The Cleveland Clinic


Pain Management: Musculoskeletal Pain

What Causes Musculoskeletal Pain?

The causes of musculoskeletal pain are varied. Muscle tissue can be damaged with the wear and tear of daily activities. Trauma to an area (jerking movements, auto accidents, falls, fractures, sprains, dislocations, and direct blows to the muscle) also can cause musculoskeletal pain. Other causes of pain include postural strain, repetitive movements, overuse, and prolonged immobilization. Changes in posture or poor body mechanics may bring about spinal alignment problems and muscle shortening, therefore causing other muscles to be misused and become painful.

What Are the Symptoms of Musculoskeletal Pain?

People with musculoskeletal pain sometimes complain that their entire bodies ache. Their muscles may feel like they have been pulled or overworked. Sometimes the muscles twitch or burn. Symptoms vary from person to person, but the common symptoms are:

  • Pain
  • Fatigue
  • Sleep disturbances
  • Your doctor will conduct a thorough physical examination and medical history. In addition, your doctor may perform diagnostic studies to confirm the diagnosis.

How Is Musculoskeletal Pain Diagnosed?

Your doctor will conduct a thorough physical examination and medical history. In addition, your doctor may perform diagnostic studies to confirm the diagnosis.

How Is Musculoskeletal Pain Treated?

Different types of manual therapy, or mobilization, can be used to treat people with spinal alignment problems. For acute musculoskeletal pain, these techniques have been shown to speed recovery.

In patients with musculoskeletal disorders such as fibromyalgia, medications to increase the body's level of serotonin and norepinephrine (neurotransmitters that modulate sleep, pain, and immune system function) are prescribed in low doses. Some of the medicines used to aid sleep include Ambien, Klonopin, and Desyrel.

Other treatments may include:

  • Injections with anesthetic or anti-inflammatory medications in or around the painful sites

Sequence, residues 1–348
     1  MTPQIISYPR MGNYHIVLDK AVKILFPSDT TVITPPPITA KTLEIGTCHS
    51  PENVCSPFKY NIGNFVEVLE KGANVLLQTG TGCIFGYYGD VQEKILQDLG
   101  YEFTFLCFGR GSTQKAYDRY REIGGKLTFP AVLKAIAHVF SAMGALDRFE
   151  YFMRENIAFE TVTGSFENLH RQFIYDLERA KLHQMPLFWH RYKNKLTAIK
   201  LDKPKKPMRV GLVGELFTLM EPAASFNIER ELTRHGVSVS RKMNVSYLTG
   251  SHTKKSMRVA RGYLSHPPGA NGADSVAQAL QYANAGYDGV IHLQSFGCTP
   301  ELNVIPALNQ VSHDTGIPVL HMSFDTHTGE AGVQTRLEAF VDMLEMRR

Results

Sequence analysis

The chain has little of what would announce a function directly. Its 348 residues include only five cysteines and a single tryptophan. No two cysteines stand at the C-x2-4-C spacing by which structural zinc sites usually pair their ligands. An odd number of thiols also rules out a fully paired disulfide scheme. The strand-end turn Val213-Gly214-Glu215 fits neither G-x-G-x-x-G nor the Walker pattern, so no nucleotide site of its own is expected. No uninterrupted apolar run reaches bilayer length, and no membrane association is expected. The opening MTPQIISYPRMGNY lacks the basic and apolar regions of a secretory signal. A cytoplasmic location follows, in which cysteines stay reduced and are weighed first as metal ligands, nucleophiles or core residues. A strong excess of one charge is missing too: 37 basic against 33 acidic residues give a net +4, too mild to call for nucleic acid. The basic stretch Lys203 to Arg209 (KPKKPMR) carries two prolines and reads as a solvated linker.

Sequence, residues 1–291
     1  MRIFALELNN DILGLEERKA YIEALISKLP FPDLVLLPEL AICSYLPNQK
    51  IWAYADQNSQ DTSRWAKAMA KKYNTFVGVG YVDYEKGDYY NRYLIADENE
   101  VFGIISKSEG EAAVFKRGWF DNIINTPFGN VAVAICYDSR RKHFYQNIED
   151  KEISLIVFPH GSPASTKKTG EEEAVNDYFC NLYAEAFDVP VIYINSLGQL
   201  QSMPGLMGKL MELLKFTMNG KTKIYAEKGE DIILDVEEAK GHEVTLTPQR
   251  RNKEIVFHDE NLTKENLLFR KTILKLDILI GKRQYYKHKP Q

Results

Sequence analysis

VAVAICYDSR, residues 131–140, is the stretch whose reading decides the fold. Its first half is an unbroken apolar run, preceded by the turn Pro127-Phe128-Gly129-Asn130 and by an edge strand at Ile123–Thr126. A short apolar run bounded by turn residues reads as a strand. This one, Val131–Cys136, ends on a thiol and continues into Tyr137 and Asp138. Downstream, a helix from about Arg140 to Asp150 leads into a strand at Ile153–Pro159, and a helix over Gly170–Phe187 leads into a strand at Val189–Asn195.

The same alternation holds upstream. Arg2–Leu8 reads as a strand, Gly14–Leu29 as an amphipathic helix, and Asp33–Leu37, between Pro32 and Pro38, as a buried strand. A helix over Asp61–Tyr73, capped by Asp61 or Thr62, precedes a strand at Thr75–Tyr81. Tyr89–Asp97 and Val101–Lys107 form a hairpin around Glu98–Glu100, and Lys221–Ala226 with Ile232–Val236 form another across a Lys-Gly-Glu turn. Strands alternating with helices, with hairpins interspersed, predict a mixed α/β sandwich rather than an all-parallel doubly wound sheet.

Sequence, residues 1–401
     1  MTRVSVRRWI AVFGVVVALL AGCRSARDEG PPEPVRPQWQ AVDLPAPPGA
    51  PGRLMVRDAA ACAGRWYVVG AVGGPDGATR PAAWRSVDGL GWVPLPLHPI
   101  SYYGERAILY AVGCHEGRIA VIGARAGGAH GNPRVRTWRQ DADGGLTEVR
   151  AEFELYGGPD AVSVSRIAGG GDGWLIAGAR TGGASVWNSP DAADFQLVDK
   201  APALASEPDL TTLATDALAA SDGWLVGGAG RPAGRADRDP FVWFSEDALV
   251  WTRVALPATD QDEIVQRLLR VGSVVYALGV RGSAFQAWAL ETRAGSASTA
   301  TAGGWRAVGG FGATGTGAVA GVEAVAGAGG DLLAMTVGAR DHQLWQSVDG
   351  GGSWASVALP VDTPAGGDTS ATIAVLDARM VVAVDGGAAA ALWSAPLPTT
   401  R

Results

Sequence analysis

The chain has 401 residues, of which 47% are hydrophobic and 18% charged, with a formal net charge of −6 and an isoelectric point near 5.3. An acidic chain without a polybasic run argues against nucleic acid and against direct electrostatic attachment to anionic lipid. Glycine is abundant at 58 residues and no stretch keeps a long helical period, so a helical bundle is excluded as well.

• Exercise that includes muscle strengthening and stretching
  • Physical or occupational therapy
  • Acupuncture or acupressure
  • Relaxation/biofeedback techniques
  • Osteopathic manipulation (a whole system of evaluation and treatment designed to achieve and maintain health by restoring normal function to the body)
  • Chiropractic care
  • Therapeutic massage

Reviewed by the doctors at The Cleveland Clinic Women's Health Center

SOURCES:

Edited by Ephraim K Brenman, DO on March 01, 2007

'Portions of this page © The Cleveland Clinic 2000-2005


Last Editorial Review: 3/1/2007

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What is Pain?

Learn about Treatments for Pain

Pain is an unpleasant sensation in animals that is caused by actual or perceived injury to body tissues and produces physical and emotional reactions. Presumably, pain sensation has evolved to protect our bodies from harm by causing us to perform certain actions and avoid others. Pain might be called a protector, a predictor, or simply a hassle. In this article, I will discuss some basic concepts of pain.

We all experience pain to greater or lesser degrees at various points of our lives. It is said that pain is the most common reason patients seek medical attention. But, each of us perceives a given pain stimulus in our own unique manner. The intensity of the response to a pain stimulus is largely subjective, meaning the severity of the pain can most accurately be defined by the person with the pain, rather than by other observers

Our individual pain perception can vary at different times, even in response to the identical stimulus. For example, an athlete during competition may not be able to feel the tissue injury of a cut or a bruise until the competition has finished. We may feel more or less pain depending on our mood, sleep pattern, hunger, or activity.

Pain is typically classified as either acute or chronic. Acute pain is of sudden onset and is usually the result of a clearly defined cause such as an injury. Acute pain resolves with the healing of its underlying cause. Chronic pain persists for weeks or months and is usually associated with an underlying condition, such as arthritis. The severity of chronic pain can be mild, moderate, or severe.

The treatment of pain depends on its cause and the overall health of the individual affected. The primary goal of pain treatment is to return the patient to optimal function. Treatments of pain can be classified as either non-medical or medical.

Non-medical treatment options for various forms of pain include observation, rest, stretching, exercise, weight reduction, heat or ice applications, and various alternative treatments including acupuncture, chiropractic, massage, manipulation, electrical stimulation, biofeedback, hypnosis, and surgical procedures.

Medical treatments include three basic drug forms to treat pain (analgesics): Non-opioid drugs, opioid drugs, and drugs that are used to complement other analgesics (adjuvant drugs).